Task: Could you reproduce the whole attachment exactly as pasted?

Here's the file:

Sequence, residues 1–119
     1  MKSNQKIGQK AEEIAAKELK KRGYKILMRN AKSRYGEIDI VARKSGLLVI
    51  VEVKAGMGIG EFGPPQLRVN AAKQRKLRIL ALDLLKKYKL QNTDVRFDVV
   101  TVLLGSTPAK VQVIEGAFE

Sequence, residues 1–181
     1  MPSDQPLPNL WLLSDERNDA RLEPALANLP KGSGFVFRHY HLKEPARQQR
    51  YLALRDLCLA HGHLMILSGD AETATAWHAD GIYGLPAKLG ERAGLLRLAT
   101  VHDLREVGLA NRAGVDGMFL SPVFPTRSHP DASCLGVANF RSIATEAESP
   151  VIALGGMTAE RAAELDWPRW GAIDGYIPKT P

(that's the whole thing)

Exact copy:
Sequence, residues 1–119
     1  MKSNQKIGQK AEEIAAKELK KRGYKILMRN AKSRYGEIDI VARKSGLLVI
    51  VEVKAGMGIG EFGPPQLRVN AAKQRKLRIL ALDLLKKYKL QNTDVRFDVV
   101  TVLLGSTPAK VQVIEGAFE

Sequence, residues 1–181
     1  MPSDQPLPNL WLLSDERNDA RLEPALANLP KGSGFVFRHY HLKEPARQQR
    51  YLALRDLCLA HGHLMILSGD AETATAWHAD GIYGLPAKLG ERAGLLRLAT
   101  VHDLREVGLA NRAGVDGMFL SPVFPTRSHP DASCLGVANF RSIATEAESP
   151  VIALGGMTAE RAAELDWPRW GAIDGYIPKT P